Those three words reflect the transformative power of higher education to equip and elevate dreamers and doers into the places where they can make profound marks on the world. They reinforce our mission and remind us of why we’re here.
But, as educators, we know that every passion harnessed and nurtured and every goal accomplished is due in some part to the skilled faculty and mentors working behind the scenes.
Look at gymnast Simone Biles, who’s leading her team to the Olympics in Brazil while her face and image grace television screens, magazine covers and newspaper pages around the world. She has captured the hearts of a nation of fans rooting for gold medals.
With Simone in some of those triumphant pictures is her coach, Aimee Boorman, the woman who trained her since the first day she arrived at the gym at the tender age of 7 – the woman whose dedicated teaching and mentoring helped a little girl transform into a remarkable world champion at the top of her sport.
Aimee, I’m proud to say, attended NIU. And the head coach of the U.S. Women’s Gymnastics Team is not the only Huskie thriving on an international stage in Rio.
Communication alum Patrick Sandusky, a member of the Class of 1998 and a center for the NIU Huskies football team, serves as the chief external affairs officer for the U.S. Olympic Committee.
He joined the USOC in 2009 after working on Chicago’s bid for these very games – and now is in Rio overseeing a communications staff that numbers around 80 while he also serves as chief spokesperson.
Dreams of a career in sports journalism took a turn when his football practice schedule prompted him to enroll in Public Relations 101. He liked the idea of working collaboratively to shape organizational messages.
Meanwhile, his professor, the late Al Walker, enforced the value of getting outside the classroom, of making connections and gaining real-world experience – and Patrick listened. He worked seven or eight internships during his undergraduate days, forging professional networks that helped him race up the ladder to where he is today.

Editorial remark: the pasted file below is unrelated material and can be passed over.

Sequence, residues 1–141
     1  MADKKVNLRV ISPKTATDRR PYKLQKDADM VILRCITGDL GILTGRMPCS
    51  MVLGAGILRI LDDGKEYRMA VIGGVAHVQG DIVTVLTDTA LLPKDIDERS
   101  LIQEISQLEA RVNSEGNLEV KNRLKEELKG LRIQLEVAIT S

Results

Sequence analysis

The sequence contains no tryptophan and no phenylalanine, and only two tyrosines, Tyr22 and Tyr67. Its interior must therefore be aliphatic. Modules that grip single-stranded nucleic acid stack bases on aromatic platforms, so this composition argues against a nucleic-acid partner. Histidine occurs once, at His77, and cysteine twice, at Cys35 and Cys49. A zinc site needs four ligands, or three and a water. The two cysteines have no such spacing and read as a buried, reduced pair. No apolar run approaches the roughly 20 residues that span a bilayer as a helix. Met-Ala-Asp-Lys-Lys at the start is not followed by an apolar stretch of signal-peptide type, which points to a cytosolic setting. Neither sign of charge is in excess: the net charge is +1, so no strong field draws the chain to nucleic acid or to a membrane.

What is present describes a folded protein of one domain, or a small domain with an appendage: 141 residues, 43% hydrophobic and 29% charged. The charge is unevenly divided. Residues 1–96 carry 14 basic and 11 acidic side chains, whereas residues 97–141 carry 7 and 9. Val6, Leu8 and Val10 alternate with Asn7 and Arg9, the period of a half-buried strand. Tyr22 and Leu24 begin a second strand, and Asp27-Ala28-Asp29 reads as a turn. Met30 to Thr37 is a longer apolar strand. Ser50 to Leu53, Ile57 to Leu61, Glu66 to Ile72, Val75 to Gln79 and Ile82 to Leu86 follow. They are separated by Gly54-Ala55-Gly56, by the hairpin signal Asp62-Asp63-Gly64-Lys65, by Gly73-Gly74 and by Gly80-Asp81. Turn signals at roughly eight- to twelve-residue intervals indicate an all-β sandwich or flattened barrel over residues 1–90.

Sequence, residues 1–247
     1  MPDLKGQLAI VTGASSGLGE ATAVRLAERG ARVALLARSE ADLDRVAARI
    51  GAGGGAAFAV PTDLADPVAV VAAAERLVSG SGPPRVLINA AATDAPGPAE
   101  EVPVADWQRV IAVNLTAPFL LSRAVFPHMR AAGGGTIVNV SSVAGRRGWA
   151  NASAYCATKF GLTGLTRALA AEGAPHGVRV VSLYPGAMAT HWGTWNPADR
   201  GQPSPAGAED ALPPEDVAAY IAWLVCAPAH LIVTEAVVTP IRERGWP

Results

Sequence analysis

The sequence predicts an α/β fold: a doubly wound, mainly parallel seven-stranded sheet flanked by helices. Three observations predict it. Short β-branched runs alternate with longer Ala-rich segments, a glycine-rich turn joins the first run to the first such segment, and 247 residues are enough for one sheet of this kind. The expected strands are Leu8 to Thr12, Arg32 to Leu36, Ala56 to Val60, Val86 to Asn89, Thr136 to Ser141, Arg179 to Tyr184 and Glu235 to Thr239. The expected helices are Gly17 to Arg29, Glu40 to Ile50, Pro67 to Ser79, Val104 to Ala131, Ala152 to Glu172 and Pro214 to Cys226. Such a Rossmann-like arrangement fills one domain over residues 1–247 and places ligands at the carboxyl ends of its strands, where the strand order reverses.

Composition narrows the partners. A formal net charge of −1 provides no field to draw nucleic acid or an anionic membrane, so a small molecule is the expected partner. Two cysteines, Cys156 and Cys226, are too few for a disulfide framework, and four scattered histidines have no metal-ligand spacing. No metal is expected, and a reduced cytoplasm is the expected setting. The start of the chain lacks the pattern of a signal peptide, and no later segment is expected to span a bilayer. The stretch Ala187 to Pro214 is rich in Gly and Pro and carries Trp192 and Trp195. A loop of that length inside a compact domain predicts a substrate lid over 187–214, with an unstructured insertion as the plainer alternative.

Such learning continues to be a strong predictor of Student Career Success.
That’s why we’re committed to making sure that any NIU student who wants an internship will get one. That’s why our future educators and health care professionals complete clinicals. That’s why our students in the arts perform in professional orchestras and theater companies or exhibit their works in professional galleries.
We’re also committed to the concept of mentoring, whether between alumni and students, professors and students and even students and students.
Patrick embraces this concept as well; he “paid forward” his own experiences with Professor Walker when former NIU women’s soccer player Cori Frankenberg scored an internship with the USOC media relations team.
Cori is now a baseball communications assistant with the Minnesota Twins, carrying the torch from Patrick while she blazes her own trail.
NIU Director of Track and Field Connie Teaberry, who competed for the United States in Atlanta during the 1996 games, is similarly able to mentor her athletes from the perspective of someone who’s reached that pinnacle.
As you enjoy the Olympic games these next few weeks, remember that NIU is playing a role in Rio through the hard work and talent of Aimee Boorman and Patrick Sandusky – and that they offer living proof that our mission matters.